As the “Master of Shadows”, you can extinguish flames of light with sand, or by doing it yourself. Doing it yourself is a bit of a risk, as during the animation, you can be seen by any number of guards. Over time, you get access to more tools like throwing knives and using acid to disintegrate bodies of those you’ve killed if there’s no good place to store their body, or throw off a ledge.
Muffled kills are essential, they take longer to complete, but your chances of alerting any nearby enemies is almost non-existent. Landing on rugs, will reduce the noise you make, becoming the perfect assassin. When not being perfect and are seen, you can often find the nearest chest, locker, or table to hide under. Whether intentional or not, you can even knock over chairs while making your way under a table, which will alert enemies and likely need a reload, is kind of fun with the way the physics work.
This game is releasing on PC, PS4, and Xbox One but often looks muddy and like a last-generation game, which it’s entirely possible it started this way, but it just isn’t visually appealing. Everything looks flat and washed out. Characters look especially bad. Shadows are exceptionally dark, almost too dark where you’ll have to up the gamma for you to navigate. Now, you can use a power of Styx’s that is a horrendous red infrared view that highlights certain areas and allows you to temporarily see in the dark. But beyond that, there’s nothing pretty or engaging about the art direction of Styx.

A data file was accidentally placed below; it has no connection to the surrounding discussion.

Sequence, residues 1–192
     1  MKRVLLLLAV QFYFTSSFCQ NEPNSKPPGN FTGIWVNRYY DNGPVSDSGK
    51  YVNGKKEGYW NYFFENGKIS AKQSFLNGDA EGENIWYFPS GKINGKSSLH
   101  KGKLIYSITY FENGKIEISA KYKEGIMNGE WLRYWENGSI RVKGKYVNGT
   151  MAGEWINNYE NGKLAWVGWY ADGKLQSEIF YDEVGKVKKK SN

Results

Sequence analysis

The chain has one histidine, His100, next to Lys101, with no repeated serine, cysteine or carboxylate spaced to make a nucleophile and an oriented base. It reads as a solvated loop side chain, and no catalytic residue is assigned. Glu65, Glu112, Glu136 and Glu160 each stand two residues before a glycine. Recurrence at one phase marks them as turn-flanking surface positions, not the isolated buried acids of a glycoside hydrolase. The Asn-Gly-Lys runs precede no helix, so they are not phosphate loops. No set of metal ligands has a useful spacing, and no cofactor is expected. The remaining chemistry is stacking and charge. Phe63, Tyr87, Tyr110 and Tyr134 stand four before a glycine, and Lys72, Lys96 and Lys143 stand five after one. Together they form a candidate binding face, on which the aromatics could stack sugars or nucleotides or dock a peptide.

It also is surprising at how segmented the levels are. Again, for a title debuting on “next-gen” platforms, one single area is broken up into three or four stages. There’s absolutely no reason for it. You never leave the tower, as it is all interconnected. It really seems this game was built for the Xbox 360 and PlayStation 3, and some concessions for the older systems were carried over and not fixed. It’s not the worst thing in the world
Styx: Master of Shadows may be ugly, but so is Styx the character. Both are rough around the edges, but underneath lies a core stealth mechanic that is incredibly solid with a highly enjoyable character that’s fun to listen to during the game and ensuing cutscenes. It’s just a shame that everything surrounding the wonderful stealth is so hackneyed and uninteresting.
A pre-release Steam code was provided by PR for review purposes